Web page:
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Increased emphasis on management training reaps benefits


A survey published by the Institute of Management suggests that more UK managers than ever are taking part in both formal training courses and informal learning, and that this is having a positive effect on financial performance of organisations.

Achieving Management Excellence follows up research undertaken in 1996 and 1994, which aimed to assess progress made since Charles Handy's research in 1987. That research found that many of Britain's managers received no formal training and that they lacked the development opportunities of their overseas competitors.

The survey finds there has been a major increase in management training since the last report in 1996 - it has risen by 18 per cent in larger organisations and 25 per cent in smaller companies since the last study in 1996, and averages six and a half days in both large and smaller organisations.

There is also growing recognition of the value of a planned and co-ordinated approach to training in Britain's companies. Over half (51 per cent) now have a written statement of management development (the figure was 43 percent in 1996), and four in ten managers say their organisation has a budget set aside specifically for management development.

UK business is starting to see training as an investment. 60 per cent of those who took part in the 1996 and 2000 surveys who gave management training a high priority also reveal an increase in financial turnover compared with others in their sector. In contrast, of those companies which give lower priority to management development, only 46 per cent report increased turnover.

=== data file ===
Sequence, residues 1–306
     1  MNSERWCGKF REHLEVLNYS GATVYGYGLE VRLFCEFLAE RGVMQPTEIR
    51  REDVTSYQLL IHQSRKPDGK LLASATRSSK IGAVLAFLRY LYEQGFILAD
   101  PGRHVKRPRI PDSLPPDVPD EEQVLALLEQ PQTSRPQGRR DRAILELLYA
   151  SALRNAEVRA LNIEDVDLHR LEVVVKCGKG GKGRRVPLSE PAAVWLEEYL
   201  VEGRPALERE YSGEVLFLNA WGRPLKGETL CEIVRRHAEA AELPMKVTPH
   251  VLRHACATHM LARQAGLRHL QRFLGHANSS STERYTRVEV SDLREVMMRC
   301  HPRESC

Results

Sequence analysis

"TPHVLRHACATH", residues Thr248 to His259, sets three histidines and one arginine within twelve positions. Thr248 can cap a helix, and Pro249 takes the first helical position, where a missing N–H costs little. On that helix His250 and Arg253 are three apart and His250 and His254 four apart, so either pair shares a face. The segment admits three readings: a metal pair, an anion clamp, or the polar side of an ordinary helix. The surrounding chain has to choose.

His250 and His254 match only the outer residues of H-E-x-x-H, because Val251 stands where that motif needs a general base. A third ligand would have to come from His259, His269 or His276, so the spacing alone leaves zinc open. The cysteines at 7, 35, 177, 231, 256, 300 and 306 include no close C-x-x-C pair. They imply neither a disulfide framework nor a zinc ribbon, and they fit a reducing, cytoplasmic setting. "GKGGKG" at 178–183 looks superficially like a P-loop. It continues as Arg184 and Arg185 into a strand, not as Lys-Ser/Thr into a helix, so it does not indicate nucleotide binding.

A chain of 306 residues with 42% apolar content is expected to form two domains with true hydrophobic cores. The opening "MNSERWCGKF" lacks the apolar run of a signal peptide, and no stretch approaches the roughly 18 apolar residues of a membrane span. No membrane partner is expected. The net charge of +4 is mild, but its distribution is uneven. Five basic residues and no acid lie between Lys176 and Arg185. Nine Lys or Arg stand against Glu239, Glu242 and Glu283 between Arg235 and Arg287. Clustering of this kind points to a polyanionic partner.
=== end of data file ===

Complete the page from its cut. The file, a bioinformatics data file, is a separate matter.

On the downside, nearly half of respondents cite cost as the biggest barrier to training (80 percent site time as the biggest problem).

The survey also reveals a recognisable shift from formal to informal training, and an increased demand for management skills across the board, with soft skills at the top of the list.

The research, undertaken with the help of the DfEE, DTI, the Open University Business School and an advisory panel of British business covered 1,000 individuals - 500 HR managers (of which 223 were from the same organisations as those interviewed in the 1996 research) and 500 line managers, and in-depth interviews were carried out with senior board members from 20 leading organisations.


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